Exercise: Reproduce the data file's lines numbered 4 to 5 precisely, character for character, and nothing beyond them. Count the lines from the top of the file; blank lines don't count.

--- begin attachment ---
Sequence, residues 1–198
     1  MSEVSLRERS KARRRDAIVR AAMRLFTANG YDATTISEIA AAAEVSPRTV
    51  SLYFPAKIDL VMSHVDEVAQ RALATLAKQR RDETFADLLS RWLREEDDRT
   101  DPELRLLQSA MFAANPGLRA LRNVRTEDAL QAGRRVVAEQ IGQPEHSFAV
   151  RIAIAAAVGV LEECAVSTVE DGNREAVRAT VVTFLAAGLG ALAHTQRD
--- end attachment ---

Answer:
   101  DPELRLLQSA MFAANPGLRA LRNVRTEDAL QAGRRVVAEQ IGQPEHSFAV
   151  RIAIAAAVGV LEECAVSTVE DGNREAVRAT VVTFLAAGLG ALAHTQRD